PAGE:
Francisco Laso's Image of Modern Peru
245 Pages, 74 b&w photos, 16-page color insert
Sales Date: December 21, 2021
2023 ALAA Book Award, Association for Latin American Art/Arvey Foundation
A fascinating account of the modern reinvention of the image of the Indian in nineteenth-century literature and visual culture, seen through the work of Peruvian painter Francisco Laso.
One of the outstanding painters of the nineteenth century, Francisco Laso (1823–1869) set out to give visual form to modern Peru. His solemn and still paintings of indigenous subjects were part of a larger project, spurred by writers and intellectuals actively crafting a nation in the aftermath of independence from Spain. In this book, at once an innovative account of modern indigenism and the first major monograph on Laso, Natalia Majluf explores the rise of the image of the Indian in literature and visual culture. Reading Laso’s works through a broad range of sources, Majluf traces a decisive break in a long history of representations of indigenous peoples that began with the Spanish conquest. She ties this transformation to the modern concept of culture, which redefined both the artistic field and the notion of indigeneity. As an abstraction produced through indigenist discourse, an icon of authenticity, and a densely racialized cultural construct, the Indian would emerge as a central symbol of modern Andean nationalisms.
Inventing Indigenism brings the work and influence of this extraordinary painter to the forefront as it offers a broad perspective on the dynamics of art and visual culture in nineteenth-century Latin America.
As an examination of race, identity, visual culture, literature, and politics in nineteenth-century Peru, Inventing Indigenism is an important addition to the literature on Latin American art, and will be a pioneering text in the field, setting the stage for future scholarship on the region.
— Michele GreetNatalia Majluf has gifted us with a brilliant and innovative study of one of the nineteenth century’s most original artists: Francisco Laso. As the peasant and worker were key subjects for Courbet and Millet in France, the Indian and race were Laso’s primary focus in Peru. Majluf carefully combines analysis of Laso’s hauntingly beautiful paintings, such as the Inhabitant of the Cordilleras of Peru, with the formation of Peru’s national identity and the concept of the 'Indian'--later to become ‘Indigenism.’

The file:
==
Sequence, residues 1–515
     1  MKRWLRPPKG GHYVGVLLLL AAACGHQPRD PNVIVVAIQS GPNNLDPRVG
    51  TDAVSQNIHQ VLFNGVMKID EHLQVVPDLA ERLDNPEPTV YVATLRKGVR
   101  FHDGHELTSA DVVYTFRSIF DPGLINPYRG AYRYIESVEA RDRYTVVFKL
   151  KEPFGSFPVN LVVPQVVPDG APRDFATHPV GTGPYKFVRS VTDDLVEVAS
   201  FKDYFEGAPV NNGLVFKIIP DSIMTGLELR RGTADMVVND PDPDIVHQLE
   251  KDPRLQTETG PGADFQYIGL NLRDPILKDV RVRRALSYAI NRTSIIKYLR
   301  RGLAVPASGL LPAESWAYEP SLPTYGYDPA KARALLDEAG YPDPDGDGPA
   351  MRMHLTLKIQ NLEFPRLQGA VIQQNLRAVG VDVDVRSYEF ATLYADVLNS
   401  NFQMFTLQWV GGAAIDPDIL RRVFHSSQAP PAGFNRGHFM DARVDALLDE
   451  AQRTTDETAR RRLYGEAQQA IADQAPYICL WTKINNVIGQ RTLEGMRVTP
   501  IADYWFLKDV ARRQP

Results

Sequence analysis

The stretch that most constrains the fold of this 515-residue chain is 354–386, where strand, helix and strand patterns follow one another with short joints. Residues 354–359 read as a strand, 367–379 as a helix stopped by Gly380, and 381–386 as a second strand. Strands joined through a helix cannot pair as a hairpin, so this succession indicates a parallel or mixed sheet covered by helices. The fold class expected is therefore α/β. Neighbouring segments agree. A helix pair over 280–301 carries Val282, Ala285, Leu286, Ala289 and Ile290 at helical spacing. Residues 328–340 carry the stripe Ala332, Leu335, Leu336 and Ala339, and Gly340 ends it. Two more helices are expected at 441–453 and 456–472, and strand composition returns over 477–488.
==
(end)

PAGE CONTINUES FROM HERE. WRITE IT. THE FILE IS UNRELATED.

— Thomas B.F. CumminsInventing Indigenism adeptly explores the evolving discourse of modern indigenism in nineteenth-century Peru and intelligently asserts that Francisco Laso’s majestic Inhabitant of the Cordilleras of Peru emerges out of cultural discourses of modernity. Majluf argues that Laso’s Inhabitant is the result of an intellectual project that constructs the first representation of a modern Indian, an idealized symbol of the Indian as nation. As a Creole elite with an upbringing in political and intellectual circles, Laso was invested in building a collective national imaginary through his paintings of indigenous people and traditions. For students and scholars alike, this book markedly advances the scholarship on nineteenth-century Latin American art.
— Mey-Yen MoriuchiInventing Indigenism winds through the dense and entangled evolution of nationalist concepts and emblematic racial envisionings of the Peruvian Indian, Indigeneity, and Indigenism...[Majluf's] narratives are compelling...and advance important information and insights through intricate and multifaceted analyses that view the notion of nation as unstable...Inventing Indigenism is a multilayered examination of nation building. At the same time, the book asks all readers to consider how racial stereotypes and perspectives of the past, embedded in complex political and cultural viewpoints, continue as present day unfixed social constructs that still function in assessing the identity of self as well as others.